From the perspective of interoperability with the Librem 5, I don’t think it matters. It wouldn’t really be in the spirit of Linux and openness if it mattered greatly. The Librem 5 should only be running open protocols, for which corresponding software should exist for most Linux distros (and could exist for any operating system).

There may be a small convenience in having the same applications running the same way, even if you don’t use convergence on the Librem 5.

VNC is actually pre-installed in RaspberryPi OS. I had installed Remmina on my laptop and tried unsuccessfully to connect the other day, but didn’t spend a lot of time with it. I need to read up on it and see what I was doing wrong.

I bought a small 7" monitor for the Pi, which is fine, but sometimes I like to take an in-depth look at the Pi-hole admin dashboard via my laptop’s larger screen, especially when I’m already sitting at the laptop. I’ve been using X, because it’s easy (and I know how to do it).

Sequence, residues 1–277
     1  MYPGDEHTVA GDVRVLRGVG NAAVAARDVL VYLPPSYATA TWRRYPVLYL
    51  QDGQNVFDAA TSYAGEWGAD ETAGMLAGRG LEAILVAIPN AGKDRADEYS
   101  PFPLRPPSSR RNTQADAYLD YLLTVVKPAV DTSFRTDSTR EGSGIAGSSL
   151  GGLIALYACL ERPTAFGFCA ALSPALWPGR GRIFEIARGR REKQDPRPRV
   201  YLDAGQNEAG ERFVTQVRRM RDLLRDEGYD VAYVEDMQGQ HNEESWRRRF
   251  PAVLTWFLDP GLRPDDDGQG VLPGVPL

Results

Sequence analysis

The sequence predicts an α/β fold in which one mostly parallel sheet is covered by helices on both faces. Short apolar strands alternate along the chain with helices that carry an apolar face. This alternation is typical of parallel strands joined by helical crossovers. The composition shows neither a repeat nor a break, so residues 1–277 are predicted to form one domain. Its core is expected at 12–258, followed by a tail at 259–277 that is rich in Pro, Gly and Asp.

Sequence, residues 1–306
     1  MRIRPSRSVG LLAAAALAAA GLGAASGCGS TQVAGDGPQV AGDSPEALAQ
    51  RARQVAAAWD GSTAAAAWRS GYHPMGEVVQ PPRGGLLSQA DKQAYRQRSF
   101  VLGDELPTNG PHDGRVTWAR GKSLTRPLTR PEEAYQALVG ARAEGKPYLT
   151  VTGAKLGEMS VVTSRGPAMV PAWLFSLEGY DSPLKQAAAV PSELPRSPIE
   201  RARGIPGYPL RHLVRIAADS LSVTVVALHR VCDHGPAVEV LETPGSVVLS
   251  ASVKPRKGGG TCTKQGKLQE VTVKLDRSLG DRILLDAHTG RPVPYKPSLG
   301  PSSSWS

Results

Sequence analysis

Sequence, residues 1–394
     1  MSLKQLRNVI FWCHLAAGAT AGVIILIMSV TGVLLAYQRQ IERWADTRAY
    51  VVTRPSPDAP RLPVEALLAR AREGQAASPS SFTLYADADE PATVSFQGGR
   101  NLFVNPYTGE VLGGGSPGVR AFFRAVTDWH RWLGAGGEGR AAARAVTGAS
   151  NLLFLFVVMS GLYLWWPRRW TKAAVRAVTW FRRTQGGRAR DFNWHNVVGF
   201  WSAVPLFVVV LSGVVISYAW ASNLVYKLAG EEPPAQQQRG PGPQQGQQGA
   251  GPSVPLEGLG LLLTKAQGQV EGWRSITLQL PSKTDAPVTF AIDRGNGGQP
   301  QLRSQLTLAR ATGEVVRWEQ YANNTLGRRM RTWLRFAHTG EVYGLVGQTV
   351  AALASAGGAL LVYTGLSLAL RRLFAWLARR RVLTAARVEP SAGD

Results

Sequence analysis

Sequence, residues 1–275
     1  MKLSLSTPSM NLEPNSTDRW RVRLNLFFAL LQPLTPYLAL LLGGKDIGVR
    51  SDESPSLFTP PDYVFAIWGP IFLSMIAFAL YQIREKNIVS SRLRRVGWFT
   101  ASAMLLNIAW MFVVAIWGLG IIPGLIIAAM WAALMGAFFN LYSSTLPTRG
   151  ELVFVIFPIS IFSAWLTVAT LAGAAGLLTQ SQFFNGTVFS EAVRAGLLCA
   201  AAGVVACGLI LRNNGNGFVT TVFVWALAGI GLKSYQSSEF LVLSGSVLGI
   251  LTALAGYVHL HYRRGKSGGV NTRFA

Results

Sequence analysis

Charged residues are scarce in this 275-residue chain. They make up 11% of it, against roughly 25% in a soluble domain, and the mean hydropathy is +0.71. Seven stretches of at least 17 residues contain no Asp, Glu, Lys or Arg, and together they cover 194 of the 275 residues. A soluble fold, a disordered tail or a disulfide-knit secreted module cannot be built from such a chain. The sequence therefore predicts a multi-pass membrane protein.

Yeah, I suppose so.

P.S.

:wink:

(yes, server and client)

The server is not running though by default, it looks to me. You would also need to have configured the VNC server password.

Makes sense - but why you would want to do that from the Librem 5 is unclear. Replacing a small 7" Pi monitor with an even smaller 5.7" Librem 5 screen was a bit puzzling.

But then there’s “just for fun” / “just because you can”. :wink:

For Debian
How it works for me (I don’t use Remmina).

  1. Create SSH-tunnel in terminal
    ssh -L 5900:127.0.0.1:5901 remote_user_name@remote_host_IPaddress
  2. On remote computer, run VNC server
    screen
    vncserver :1
  3. In other terminal run VNC viewer
    xvncviewer localhost :0
  4. On remote computer run the desired desktop environment.
  5. To stop, close xvncviewer window, stop vncserver:
    vncserver -kill :1
    Stop the screen and SSH:
    exit
    exit